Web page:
In November, the International Energy Agency (IEA) released its annual World Energy Outlook (WEO) for 2012. For the most part, the international financial press seized on one element of the report – the prediction that the US will grow its oil production to such an extent that, by 2020, it could eclipse Saudi Arabia and Russia and become the world’s largest producer. This development, says the IEA, could alter the geopolitical balance of power in the world by making the US less dependent on oil imports from the Middle East.
But there is much more to the US, and especially the global, oil picture than this, and the international press largely glossed over or omitted the most important issues and debates.
Firstly, we need to consider the IEA’s forecast for US oil output in its proper context. The US was the world’s foremost oil producer from the latter part of the nineteenth century until its production peaked at 11.3-million barrels a day in 1970, according to BP’s Statistical Review of World Energy. (This figure includes unconventional oil and natural gas liquids, in addition to conventional crude oil.) By 2006, output had fallen to 6.8-million barrels a day.
Since then, there has been a turnaround, thanks to rising production from deep offshore wells in the Gulf of Mexico and, more recently, production of ‘tight oil’ using hydraulic fracturing techniques in shale basins in Texas and North Dakota. By 2011, US liquid hydrocarbon production had risen to 7.8-million barrels a day. But US oil consumption in 2011 was running at 18.8-million barrels a day, which means the country still relied on imports to meet nearly 60% of its liquid fuel demand.
Meanwhile, US oil consumption has declined somewhat since peaking in 2005 at 20.8-million barrels a day, and it is likely that it will continue to fall in the years ahead, mainly as a result of tighter vehicle fuel efficiency standards. Even so, the IEA’s forecast for US oil production of 10.1-million barrels a day by 2020 will not make the US oil independent by a long shot.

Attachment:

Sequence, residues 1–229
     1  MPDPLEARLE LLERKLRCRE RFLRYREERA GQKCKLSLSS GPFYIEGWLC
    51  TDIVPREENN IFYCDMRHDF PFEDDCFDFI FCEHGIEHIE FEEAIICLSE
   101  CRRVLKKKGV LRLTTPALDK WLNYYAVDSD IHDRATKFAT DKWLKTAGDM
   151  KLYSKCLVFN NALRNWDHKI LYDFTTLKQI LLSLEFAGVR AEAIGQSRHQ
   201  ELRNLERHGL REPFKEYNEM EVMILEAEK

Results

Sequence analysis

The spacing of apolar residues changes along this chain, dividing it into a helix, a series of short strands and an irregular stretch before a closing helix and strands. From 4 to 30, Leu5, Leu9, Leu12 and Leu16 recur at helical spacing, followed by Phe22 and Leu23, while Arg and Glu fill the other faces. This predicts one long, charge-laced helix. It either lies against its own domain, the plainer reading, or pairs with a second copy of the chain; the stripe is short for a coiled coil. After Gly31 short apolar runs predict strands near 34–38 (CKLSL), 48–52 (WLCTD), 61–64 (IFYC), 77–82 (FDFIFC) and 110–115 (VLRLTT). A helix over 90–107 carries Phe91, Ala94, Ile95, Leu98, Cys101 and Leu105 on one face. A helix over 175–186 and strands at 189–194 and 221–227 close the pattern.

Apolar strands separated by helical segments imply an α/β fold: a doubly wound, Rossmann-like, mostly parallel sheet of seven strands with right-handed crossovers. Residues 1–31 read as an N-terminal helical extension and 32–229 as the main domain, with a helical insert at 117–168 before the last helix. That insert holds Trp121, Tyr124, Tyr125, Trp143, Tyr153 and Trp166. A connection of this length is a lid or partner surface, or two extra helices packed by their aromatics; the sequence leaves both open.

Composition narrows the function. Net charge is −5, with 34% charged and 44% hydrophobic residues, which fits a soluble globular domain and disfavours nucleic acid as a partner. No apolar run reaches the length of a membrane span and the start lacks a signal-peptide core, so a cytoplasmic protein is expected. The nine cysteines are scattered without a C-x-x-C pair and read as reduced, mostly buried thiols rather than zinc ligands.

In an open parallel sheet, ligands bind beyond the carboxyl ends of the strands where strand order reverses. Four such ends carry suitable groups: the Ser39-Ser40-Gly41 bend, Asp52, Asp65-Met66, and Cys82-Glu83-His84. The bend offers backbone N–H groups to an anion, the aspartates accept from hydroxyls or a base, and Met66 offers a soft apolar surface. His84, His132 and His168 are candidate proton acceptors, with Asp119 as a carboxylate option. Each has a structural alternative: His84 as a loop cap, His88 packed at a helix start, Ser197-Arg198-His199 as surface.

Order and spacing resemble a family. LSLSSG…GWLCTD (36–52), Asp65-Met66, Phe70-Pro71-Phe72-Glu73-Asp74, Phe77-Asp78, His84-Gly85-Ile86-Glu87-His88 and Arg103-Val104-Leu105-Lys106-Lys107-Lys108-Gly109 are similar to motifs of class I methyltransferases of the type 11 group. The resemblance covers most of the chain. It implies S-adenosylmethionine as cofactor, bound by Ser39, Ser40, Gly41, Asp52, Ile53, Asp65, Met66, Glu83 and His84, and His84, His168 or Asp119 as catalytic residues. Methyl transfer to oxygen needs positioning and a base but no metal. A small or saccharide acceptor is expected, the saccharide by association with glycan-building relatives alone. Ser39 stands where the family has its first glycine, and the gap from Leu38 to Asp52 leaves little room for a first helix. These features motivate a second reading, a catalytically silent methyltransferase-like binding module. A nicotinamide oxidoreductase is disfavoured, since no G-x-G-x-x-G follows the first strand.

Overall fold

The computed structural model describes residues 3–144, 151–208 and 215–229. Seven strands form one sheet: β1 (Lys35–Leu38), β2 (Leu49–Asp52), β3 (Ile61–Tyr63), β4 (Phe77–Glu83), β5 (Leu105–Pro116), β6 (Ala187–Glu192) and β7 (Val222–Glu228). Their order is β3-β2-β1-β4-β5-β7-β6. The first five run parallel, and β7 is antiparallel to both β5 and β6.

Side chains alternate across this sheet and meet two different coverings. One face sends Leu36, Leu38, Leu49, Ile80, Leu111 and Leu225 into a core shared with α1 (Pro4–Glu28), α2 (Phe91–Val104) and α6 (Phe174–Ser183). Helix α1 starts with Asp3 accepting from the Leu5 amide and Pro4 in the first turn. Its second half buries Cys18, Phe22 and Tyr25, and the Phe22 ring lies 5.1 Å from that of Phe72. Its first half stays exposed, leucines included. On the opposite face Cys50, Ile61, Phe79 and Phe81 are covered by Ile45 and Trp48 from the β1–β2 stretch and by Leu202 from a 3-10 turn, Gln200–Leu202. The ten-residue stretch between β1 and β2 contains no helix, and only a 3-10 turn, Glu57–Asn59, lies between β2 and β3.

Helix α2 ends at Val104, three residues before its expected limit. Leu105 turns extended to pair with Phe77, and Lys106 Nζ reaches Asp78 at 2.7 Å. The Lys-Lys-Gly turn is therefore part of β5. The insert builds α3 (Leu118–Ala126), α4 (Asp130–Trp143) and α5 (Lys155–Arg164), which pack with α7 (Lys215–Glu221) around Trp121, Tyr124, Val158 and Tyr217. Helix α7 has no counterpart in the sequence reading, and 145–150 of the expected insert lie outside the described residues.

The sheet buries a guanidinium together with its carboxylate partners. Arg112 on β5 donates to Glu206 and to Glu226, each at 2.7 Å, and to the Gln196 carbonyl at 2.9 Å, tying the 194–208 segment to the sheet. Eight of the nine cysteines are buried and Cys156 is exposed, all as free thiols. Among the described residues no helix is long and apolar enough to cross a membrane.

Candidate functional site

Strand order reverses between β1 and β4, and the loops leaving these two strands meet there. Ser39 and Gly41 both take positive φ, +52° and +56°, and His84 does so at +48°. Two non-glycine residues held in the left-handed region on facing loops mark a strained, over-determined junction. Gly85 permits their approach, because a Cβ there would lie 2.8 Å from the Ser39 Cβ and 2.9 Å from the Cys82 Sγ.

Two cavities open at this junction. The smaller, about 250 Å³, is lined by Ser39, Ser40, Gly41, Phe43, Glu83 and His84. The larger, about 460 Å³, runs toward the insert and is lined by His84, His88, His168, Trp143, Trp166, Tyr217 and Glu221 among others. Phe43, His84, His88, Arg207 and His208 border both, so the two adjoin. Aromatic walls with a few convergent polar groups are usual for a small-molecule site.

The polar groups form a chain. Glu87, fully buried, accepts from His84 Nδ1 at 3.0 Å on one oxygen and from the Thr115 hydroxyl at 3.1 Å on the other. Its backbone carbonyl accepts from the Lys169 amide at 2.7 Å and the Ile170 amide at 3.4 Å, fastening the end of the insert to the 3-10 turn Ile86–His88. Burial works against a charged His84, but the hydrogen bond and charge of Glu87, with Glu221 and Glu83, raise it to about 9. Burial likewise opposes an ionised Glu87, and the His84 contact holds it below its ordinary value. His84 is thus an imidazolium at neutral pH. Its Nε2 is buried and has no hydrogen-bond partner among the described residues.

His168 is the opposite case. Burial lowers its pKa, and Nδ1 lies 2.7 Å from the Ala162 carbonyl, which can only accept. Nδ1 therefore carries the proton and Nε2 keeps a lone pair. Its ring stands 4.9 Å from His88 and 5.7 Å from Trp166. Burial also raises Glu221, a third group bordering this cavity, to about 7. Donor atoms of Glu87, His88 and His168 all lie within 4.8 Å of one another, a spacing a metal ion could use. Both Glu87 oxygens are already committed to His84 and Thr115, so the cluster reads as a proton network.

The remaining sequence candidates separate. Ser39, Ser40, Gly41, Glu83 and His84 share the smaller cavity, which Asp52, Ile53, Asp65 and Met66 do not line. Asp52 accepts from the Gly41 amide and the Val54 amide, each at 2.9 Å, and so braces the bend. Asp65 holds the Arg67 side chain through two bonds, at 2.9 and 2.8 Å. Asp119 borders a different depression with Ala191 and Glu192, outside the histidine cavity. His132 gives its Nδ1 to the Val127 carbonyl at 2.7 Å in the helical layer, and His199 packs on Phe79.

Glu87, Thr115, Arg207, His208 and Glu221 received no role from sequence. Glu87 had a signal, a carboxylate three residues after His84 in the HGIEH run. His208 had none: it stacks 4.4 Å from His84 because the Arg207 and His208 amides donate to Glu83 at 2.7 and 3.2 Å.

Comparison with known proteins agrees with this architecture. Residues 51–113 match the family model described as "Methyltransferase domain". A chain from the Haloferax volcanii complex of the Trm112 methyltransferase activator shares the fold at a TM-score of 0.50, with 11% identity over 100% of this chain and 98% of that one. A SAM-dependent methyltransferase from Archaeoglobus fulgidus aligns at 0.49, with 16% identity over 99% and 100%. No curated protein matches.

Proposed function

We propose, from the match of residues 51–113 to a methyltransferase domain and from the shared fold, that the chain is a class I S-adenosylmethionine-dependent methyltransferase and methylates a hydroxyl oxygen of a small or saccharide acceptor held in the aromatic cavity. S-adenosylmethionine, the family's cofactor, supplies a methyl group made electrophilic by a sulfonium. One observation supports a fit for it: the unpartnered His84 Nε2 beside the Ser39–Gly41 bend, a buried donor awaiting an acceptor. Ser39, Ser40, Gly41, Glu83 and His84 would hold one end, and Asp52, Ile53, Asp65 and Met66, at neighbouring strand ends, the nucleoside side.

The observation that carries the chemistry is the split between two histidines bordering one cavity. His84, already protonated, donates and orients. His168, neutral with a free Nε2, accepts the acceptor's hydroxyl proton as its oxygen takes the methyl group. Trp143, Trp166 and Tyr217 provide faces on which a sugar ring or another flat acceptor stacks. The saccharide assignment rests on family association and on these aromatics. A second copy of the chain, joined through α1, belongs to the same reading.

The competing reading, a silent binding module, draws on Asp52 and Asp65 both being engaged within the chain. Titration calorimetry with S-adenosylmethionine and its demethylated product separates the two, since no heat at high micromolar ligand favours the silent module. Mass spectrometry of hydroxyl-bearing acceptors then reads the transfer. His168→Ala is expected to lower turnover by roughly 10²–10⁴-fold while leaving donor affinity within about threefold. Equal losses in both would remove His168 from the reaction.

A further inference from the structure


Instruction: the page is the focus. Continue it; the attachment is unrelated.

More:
Further, some independent analysts doubt that US tight oil production will rise above two-million to three-million barrels a day over the next few years, and will decline rapidly thereafter. This is because the rate of production from tight oil wells is estimated to decline by at least 40% n the first year alone, and most wells are dry within four to five years. In addition, the tight oil is not evenly spread in the shale basins, and companies are exploiting the ‘sweet spots’ first. Roger Blanchard, a lecturer at Lake Superior State University and author of a book titled The Future of Global Oil Production, expects US oil production to peak again around 2015.
Irrespective of what happens to US oil import dependence, the main issue of concern to the world as a whole is the trajectory of global oil production.
The highlight from the WEO that should have garnered international news headlines is this: output of crude oil (excluding light tight oil) fluctuates between 65-million barrels a day and 69-million barrels a day, never quite reaching the historic peak of 70-million barrels a day in 2008 and falling by three-million barrels a day between 2011 and 2035. In other words, conventional oil production has peaked – forever.
Given that conventional oil has comprised about 95% of all the oil produced to date – and has a much higher energy return on investment ratio, is considerably cheaper to produce and is less harmful to the envi- ronment than unconventional oil – this is a serious admission indeed.
Moreover, the IEA’s oil production forecast depends on a huge increase in output from Iraq – from around three- million barrels a day currently to over eight-million barrels a day by 2035. Given the ongoing conflict in Iraq and the region, this is a highly optimistic assumption, to say the least.
The IEA’s oil supply projection would also require upstream oil and gas invest- ments averaging a staggering $615- billion a year to 2035. In recent years, members of the Organisation of Petroleum Exporting Countries have invested much less than this, being preoccupied with placating their growing – and increasingly restless – populations.
Many independent energy analysts do not regard the IEA’s forecasts of future oil supplies as credible. For example, Sweden’s Professor Kjell Aleklett and his colleagues at Uppsala University’s Global Energy Systems Group have published several academic articles criticising the IEA’s methods and results. Researchers from Oxford University argue that global oil reserves have likely been overstated by up to 25%.
Should the IEA’s oil supply projections prove to be overly optimistic – as they have in virtually every year since 2004 – then the world will experience much higher oil prices that will dampen demand for oil and drag down the world economy. Investors, including our government and its transport parastatals, should incorporate these risks into their planning models, and not take the international media hype and selective reporting at face value.